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SI pushing old-style athletes?

Discussion in 'Journalism topics only' started by cyclingwriter, Dec 12, 2010.

  1. cyclingwriter

    cyclingwriter Active Member

    This is not a discussion on Old Style beer, but more of a trend I've noticed in the past few months in SI. Basically, t seems SI has been running a lot more stories on players becoming college and pro stars who were not All-AAU at age 8, didn't have parents who took a second mortgage to pay for private lessons and didn't spend every waking moment focused on being a superstar.

    I have two theories on this: One is easy. Time sees the success of things such as the Other Side and tells SI , "hey, give us more of that, people want to read it." Two is maybe SI editors are trying to push the discussion on childhood sports by running stories highlighting guys who were in Pre-K soccer boot camp. Maybe they feel there is a journalistic duty to fight the hype? Tell parents there is no right way to lead to sports?

    My belief is option one, but I like to hope that the second option is also true. And yes, I know they did the story in the spring about the five-year-old who hits 90 mph pitching, which was right around the time they did the story on Halladay and how his parents bought a house with a basement large enough so he could pitch indoors from 60 feet 6 inches as a kid.

    The change I've noticed started this fall. Am I the only one seeing this? Thoughts?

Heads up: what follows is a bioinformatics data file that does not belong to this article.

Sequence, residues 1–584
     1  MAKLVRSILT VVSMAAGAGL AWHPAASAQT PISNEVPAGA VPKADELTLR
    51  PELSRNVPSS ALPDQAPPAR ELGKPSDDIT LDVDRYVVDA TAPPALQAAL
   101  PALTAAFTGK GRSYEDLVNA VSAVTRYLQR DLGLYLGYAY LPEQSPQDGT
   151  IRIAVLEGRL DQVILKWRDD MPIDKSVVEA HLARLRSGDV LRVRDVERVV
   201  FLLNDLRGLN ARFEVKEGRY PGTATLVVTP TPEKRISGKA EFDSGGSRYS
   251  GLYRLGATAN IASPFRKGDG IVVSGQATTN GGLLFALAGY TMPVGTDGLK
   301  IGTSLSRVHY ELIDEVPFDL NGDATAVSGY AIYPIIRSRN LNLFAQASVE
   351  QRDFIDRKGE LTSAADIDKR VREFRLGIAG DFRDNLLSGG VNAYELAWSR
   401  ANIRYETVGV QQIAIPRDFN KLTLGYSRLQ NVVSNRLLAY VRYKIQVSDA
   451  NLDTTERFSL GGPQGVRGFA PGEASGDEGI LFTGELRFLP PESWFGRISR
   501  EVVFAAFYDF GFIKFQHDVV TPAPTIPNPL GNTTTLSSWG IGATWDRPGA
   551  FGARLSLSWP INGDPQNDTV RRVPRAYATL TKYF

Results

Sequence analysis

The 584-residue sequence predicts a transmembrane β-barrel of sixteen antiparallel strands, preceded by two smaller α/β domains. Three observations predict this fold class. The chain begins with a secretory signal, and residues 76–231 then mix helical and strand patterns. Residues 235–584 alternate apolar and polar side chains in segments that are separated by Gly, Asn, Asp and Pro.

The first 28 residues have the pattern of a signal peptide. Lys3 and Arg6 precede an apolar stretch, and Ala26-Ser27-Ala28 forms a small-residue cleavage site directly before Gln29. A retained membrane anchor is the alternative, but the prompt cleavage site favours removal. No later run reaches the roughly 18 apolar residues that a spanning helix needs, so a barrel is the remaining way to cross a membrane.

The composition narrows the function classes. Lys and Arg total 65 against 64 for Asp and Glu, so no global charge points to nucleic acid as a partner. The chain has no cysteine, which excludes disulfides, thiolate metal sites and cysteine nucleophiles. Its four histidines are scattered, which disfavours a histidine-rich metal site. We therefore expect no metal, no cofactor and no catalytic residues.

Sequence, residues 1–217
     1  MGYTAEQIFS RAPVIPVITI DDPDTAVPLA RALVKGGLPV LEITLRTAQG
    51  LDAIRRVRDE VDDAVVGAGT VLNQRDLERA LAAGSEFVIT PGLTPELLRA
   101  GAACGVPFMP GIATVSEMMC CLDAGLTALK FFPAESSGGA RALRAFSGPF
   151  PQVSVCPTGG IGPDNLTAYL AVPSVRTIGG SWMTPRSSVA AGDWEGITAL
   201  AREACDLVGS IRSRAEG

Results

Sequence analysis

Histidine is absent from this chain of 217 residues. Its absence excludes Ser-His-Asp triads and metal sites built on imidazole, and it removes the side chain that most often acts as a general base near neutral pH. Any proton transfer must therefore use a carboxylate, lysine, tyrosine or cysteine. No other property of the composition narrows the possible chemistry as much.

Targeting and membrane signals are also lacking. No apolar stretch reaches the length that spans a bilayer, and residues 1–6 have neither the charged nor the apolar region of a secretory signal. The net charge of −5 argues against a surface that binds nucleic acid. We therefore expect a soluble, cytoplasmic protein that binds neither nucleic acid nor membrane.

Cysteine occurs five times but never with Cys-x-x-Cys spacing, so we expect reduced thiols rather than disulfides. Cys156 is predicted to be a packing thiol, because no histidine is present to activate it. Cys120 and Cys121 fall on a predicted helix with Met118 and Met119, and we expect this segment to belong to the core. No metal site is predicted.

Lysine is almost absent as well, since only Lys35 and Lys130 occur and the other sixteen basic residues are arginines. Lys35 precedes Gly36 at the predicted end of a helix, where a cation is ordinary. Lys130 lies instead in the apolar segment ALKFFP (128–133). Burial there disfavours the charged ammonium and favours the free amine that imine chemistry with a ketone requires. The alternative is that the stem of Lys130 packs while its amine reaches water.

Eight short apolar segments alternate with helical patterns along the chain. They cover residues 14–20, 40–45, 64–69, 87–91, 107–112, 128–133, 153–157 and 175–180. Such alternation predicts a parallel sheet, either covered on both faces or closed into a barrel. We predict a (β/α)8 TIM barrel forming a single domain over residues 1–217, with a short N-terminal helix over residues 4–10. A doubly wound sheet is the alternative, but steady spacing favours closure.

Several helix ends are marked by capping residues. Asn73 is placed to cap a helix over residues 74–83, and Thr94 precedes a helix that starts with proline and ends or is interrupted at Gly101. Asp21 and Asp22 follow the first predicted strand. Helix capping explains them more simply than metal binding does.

2. ringer

    ringer Member

    Didn't notice this.

    Instead, I noticed that SI ran a couple of long enterprising pieces about female athletes... which it rarely does. Of course, both stories were marred by tragedy (both women are dead), but still.
  3. cyclingwriter

    cyclingwriter Active Member

    Look in this week's issue about the FSU basketball player. Never played high school, got a scholarship playing AF ball. There was stories like that in the basketball preview as well.
  4. holy bull

    holy bull Active Member

    I didn't see that, either. Would they pursue stories like the Air Force/FSU kid, coupled with pushing only boot camp kid stories that have cautionary endings, just to make a point about the "right" way to develop an athlete?

    The Air Force/FSU kid story seemed interesting on its own merits.

    I'm not saying the higher-ups at a magazine wouldn't attempt to promote an agenda, but in this case, I'd need a bigger sample with more clear evidence of a trend.
  5. JimmyHoward33

    JimmyHoward33 Well-Known Member

    Haven't noticed at all. Your theory actually makes me think of their Heyward story, the polar opposite, before I can think of anything that highlights a kid who never played AAU. I think/hope they're writing about great athletes and then investigating the back story and going where it takes them.
  6. Dick Whitman

    Dick Whitman Well-Known Member

    I found the Florida State story really interesting. Might as well have been an advertisement for the United States armed forces - in a good way.
  7. holy bull

    holy bull Active Member

    That's what I mean. That kid didn't seem like Air Force material at all. They could've made a bigger takeout on that instead of just sticking it in the weekly notes.
  8. DanOregon

    DanOregon Well-Known Member

    If anything, I've noticed a trend of features on "good guys" (Floyd Little, Tony Richardson) - might just be the addition of Posnanski and some of the other writers. It's overdue in my opinion.
  9. ETN814

    ETN814 Member

    I don't think it's either of those things. Just interesting stories that people enjoy to read about. People love the guy that comes from nothing and makes something of himself.
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